Due to the alt-right's equation of globalized capitalism with Marxism, the movement has been compared to national anarchism (anarcho-fascism) on Wikipedia.[24]

Libertarian Nationalism

The alt-right distrusts large (anti-tribal) financial institutions as corrupt and rejects the open-borders aspect of mainstream libertarianism while affirming new allegiances, such as supporting gays by encouraging firearm ownership or giving support to unaffiliated Independent candidates that are anti-establishment, regardless of their political leanings.

The alt-right has seen its membership ranks swell exponentially with libertarians that reject weak national (non-tribal) leadership within their movement. Although they are not part of the original alt-right, ex-libertarians make up a plurality of this emerging grassroots movement.

Agnosticism, atheism and the alt-right

See also: Atheism and the alt-right and Secular right

Professor George Hawley of the University of Alabama and author of the book Making Sense of the Alt-Right said in an interview with National Public Radio (NPR) about the alt-right movement:

I would say it is definitely a young movement. I'd say that it is predominantly white millennial men. It is not sort of stereotypically conservative in its profile. I'd say that probably it is a more secular population than the country overall. That is, there are a lot of agnostics and atheists or people who are just generally indifferent to religion. And I think that it is a fairly well-educated movement on average, that as I think that probably the model alt-right member has at least some college education.[25]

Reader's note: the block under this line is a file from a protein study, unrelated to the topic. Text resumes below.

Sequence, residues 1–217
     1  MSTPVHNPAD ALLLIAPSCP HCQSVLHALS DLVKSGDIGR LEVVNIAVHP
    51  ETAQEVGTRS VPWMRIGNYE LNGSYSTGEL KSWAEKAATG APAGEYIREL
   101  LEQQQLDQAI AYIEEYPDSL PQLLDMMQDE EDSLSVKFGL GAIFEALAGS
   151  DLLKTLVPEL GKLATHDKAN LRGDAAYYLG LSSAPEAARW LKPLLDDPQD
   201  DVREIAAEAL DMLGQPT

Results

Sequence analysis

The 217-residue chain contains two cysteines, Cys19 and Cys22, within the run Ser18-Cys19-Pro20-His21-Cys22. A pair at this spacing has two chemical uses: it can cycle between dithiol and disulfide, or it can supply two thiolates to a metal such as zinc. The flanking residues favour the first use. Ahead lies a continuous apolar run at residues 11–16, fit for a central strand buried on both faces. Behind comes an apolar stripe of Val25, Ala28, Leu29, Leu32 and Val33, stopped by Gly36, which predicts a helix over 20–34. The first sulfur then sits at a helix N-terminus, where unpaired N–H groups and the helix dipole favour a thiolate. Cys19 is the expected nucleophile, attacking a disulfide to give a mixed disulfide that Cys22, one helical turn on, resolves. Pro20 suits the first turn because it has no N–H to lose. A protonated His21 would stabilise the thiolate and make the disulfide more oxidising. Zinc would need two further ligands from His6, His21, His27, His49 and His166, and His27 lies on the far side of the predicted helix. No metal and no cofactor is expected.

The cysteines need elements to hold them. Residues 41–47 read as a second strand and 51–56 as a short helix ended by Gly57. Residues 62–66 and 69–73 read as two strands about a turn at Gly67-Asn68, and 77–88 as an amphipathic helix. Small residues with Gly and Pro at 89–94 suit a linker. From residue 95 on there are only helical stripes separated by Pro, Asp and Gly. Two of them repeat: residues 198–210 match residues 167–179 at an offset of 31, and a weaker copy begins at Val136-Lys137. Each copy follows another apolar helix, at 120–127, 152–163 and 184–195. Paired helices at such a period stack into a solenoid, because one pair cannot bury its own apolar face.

In the Western World whites and males are both majorities within the atheist population (see: Demographics of atheism and Western atheism and race and Atheism and women).

The alt-right leader Richard Spencer is an atheist who calls himself a "cultural Christian".[26]

View of Christianity

The alt-right emphasizes the crypto-polytheistic aspects of Christianity and links it to Greco-Roman and pan-European polytheistic history and "Western" accomplishments. The alt-right views Christianity as a religion distinct from Islam and Judaism in its polytheistic elements and "special" relationship to European history. The alt-right accepts the study of evolution and global warming as a product of Western polytheistic science. It rejects the faction of evangelical Christianity for its pro-immigration stance (for proselytization purposes) although it views Europe's history of colonization and Christian proselytization as having a positive effect on those respective colonial countries. Evangelical Christianity has moved to the right in recent times when it comes to immigration. Evangelical - especially white Evangelicals -overwhelmingly voted for Donald Trump. However, the alt-right has not made significant inroads among evangelicals due to many alt-right individuals being irreligious or not very religious. In addition, many evangelicals have a sense of solidarity with their fellow Christians from other races.